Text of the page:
I find many “how to” books on writing, freelance writing, and self-publishing tend to have much of the same information because many of these writers are writing these books as a source of income rather than relating personal experience. There are exceptions to the rule such as Andrew Ardmore’s book “How to Become a Freelance Writer: The Complete Guide to Making Money from Home.”
Often these types of books offer nothing more than a listing of all the online locations like Odesk, Elance, and Freelance Writers Marketplace and tell you to fill out the profile and start offering your services. While these locations are not the ideal in creating a livable wage, it is a way to start out from scratch.
Andrew explains further why you should consider these sites even though they are looked down upon by many freelancers. When you’ve just started and you’ve little to show in terms of a portfolio the options are limited. How do you contact clients and build on your customer base? How can you make sure you get paid and make sure you are protected from scams? How does someone start from zero and work their way up? These are the questions most newbie writers want to know and sadly, they are often the most unanswered questions in these types of books. Andrew takes these questions and answers them truthfully and provides a blueprint on how he started his own business. Note that he tells you this information is how he started and that it might not work for you, but you may learn a thing or two about the industry by reading about his experience.
While every writer is different and every experience is relative, the step-by-step explanations found in this book are helpful. As a writer myself, I often wonder about those writer marketplaces and have shied away from them because of all the horror stories and because I didn’t have a grasp on what these types of places could do for me.
Andrew doesn’t pull punches; he tells you right away that it’s not as easy as signing up and getting paid. It can take time to find your first client, and likely you will be paid very little for your hard work, but what Andrew does is tell you how you can grow this type of work to create your own business in a way that doesn’t interfere with your current life.
Starting out small is only the beginning and he takes you through the pitfalls and explains how and why things work the way they do in these types of marketplaces. He also tells you how you can take these writing opportunities and turn them into more than just a one-time low paid fee. Everyone has to start at the bottom and getting your feet wet with these types of sites will help you learn more about the business of freelance writing. With this in mind he provides examples of how he won over his customers, increased his rates, and eventually had people coming to him for work.
His experience in the business (5 years) has been pitted with success and failure and he is candid about what a bad reveiw did to his writing career and how he bounced back. The information he provides is personal and unique, but it is relevant as it provides a more in-depth introduction on what you have to accomplish to succeed as a freelance writer.
I do wish he had gone a bit further into the specifics of what he does when he contacts individual clients, and how to deal with the pricing once leaving the online writing sites, but he does discuss why you should start off with what he calls his “price penetration technique.” Just because you start out at low prices to get attention and work, you should not stay there but instead grow your business. He talks about how often people will do the first step and offer low rates, but they never go beyond that to increase their opportunities and thus they find themselves stuck in a low-paying situation which often leads to dissatisfaction and ultimately and end to an interest in writing.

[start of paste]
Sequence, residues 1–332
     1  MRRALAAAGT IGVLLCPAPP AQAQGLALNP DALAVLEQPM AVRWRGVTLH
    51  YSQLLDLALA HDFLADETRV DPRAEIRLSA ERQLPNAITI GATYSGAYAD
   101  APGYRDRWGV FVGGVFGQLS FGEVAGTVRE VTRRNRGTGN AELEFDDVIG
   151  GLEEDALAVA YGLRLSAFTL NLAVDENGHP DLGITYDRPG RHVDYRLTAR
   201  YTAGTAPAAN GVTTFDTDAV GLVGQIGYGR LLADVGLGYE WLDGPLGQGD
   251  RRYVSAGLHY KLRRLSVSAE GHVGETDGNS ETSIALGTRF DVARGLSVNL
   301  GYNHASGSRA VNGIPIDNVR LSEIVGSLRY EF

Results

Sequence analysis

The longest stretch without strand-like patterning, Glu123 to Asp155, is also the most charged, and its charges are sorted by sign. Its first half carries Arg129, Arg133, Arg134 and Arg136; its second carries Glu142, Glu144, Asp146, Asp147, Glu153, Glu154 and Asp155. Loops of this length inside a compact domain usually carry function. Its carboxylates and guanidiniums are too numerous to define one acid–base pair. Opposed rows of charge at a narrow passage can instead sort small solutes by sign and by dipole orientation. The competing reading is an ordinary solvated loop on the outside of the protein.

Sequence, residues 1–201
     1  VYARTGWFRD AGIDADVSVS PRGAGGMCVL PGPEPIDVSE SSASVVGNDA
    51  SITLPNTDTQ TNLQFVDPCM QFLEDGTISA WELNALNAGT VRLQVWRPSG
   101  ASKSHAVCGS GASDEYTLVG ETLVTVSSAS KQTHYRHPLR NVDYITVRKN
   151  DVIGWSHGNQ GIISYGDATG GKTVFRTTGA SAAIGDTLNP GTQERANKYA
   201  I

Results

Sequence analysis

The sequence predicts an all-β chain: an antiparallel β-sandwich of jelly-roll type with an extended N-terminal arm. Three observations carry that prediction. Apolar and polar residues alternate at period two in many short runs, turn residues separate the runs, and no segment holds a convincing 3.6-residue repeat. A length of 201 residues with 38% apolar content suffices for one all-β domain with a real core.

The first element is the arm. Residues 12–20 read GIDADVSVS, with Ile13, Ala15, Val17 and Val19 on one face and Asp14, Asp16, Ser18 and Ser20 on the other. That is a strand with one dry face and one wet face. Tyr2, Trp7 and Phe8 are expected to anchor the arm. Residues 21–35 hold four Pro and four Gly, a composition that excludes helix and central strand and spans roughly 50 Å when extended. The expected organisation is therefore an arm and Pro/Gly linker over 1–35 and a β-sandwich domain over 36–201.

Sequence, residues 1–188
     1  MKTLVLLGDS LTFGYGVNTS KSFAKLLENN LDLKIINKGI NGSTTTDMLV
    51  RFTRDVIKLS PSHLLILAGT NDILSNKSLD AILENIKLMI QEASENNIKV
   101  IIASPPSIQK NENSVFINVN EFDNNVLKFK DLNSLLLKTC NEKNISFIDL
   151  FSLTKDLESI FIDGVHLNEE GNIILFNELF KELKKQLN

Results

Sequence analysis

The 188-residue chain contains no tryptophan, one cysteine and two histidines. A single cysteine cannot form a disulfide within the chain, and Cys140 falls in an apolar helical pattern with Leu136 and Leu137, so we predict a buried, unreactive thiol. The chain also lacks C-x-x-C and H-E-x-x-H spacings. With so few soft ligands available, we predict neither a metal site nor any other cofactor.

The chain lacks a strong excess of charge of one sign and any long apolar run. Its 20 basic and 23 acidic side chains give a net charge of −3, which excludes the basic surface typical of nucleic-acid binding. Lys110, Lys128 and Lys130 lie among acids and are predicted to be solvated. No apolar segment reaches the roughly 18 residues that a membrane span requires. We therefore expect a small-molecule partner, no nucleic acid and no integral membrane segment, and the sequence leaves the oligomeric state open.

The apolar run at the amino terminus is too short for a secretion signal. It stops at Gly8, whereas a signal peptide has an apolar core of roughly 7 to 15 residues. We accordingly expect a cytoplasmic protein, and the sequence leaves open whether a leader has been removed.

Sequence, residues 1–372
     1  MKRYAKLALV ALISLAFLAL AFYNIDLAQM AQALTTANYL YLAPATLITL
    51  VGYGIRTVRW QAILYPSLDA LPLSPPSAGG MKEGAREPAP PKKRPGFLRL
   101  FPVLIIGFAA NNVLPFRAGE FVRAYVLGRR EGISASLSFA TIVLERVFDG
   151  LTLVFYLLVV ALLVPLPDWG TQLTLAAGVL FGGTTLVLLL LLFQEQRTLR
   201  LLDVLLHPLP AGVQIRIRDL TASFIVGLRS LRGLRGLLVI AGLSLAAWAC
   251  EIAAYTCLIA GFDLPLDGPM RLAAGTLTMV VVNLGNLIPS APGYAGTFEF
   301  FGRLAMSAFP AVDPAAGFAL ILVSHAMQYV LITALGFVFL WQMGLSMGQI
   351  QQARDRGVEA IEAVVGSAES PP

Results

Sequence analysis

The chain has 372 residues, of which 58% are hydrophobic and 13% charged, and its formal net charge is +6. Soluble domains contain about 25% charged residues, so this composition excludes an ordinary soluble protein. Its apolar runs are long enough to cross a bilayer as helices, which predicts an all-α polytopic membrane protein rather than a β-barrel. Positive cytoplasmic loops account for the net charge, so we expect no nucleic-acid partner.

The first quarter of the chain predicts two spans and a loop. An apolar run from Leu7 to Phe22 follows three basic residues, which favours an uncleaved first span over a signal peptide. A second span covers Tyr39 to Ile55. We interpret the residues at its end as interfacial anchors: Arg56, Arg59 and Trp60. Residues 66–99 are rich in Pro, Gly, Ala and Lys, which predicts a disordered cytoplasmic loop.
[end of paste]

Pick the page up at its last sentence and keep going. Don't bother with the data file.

I do have a bone to pick with Chapter 10 “Alternative ways to find writing clients” which was not much of a chapter. There were several links and a few ideas with supporting information, but it wasn’t much more than a quick few options and would have preferred this chapter been more comprehensive. This is where I can see the most potential for this book, but sadly it was lacking.
Andrew Ardmore does a decent job in providing more information than most books in this genre. He does offer some great advice in streamlining your work and making the most of your time and effort with better optimization of your writing skills. For this reason the book was a winner and something I would recommend. The book does offer great tips and gives you a starting point if you’ve not worked as a freelancer.
If you currently work as a freelancer, this is perhaps not the book for you as it is geared more toward people with little to no knowledge of the industry.
Overall I recommend How to Become a Freelance Writer by Andrew Ardmore for anyone interested in learning more about becoming a freelance writer. The information provided was informative and provided great examples. There is room to expand on the topics and the book is a quick read, but with the value offered I give it a 3.5 stars out of 5.
For another source of income as a Freelance writer – consider PLR or Private Label Rights. Don’t know what that is or how it can make you money? Check out my article “What is PLR and How can I Make Money with it?”
Thank you for reading, have you read other books on this subject? Would you recommend them? Feel free to leave a comment.